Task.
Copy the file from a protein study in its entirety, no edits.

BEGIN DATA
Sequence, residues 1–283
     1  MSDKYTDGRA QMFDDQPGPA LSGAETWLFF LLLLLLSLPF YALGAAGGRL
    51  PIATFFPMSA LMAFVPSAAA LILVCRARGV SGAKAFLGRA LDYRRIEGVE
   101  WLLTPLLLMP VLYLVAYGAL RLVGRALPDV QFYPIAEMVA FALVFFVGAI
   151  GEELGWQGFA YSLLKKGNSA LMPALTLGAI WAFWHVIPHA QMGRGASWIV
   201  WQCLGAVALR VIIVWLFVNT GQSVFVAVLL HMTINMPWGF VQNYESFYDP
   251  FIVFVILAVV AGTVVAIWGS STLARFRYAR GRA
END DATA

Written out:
Sequence, residues 1–283
     1  MSDKYTDGRA QMFDDQPGPA LSGAETWLFF LLLLLLSLPF YALGAAGGRL
    51  PIATFFPMSA LMAFVPSAAA LILVCRARGV SGAKAFLGRA LDYRRIEGVE
   101  WLLTPLLLMP VLYLVAYGAL RLVGRALPDV QFYPIAEMVA FALVFFVGAI
   151  GEELGWQGFA YSLLKKGNSA LMPALTLGAI WAFWHVIPHA QMGRGASWIV
   201  WQCLGAVALR VIIVWLFVNT GQSVFVAVLL HMTINMPWGF VQNYESFYDP
   251  FIVFVILAVV AGTVVAIWGS STLARFRYAR GRA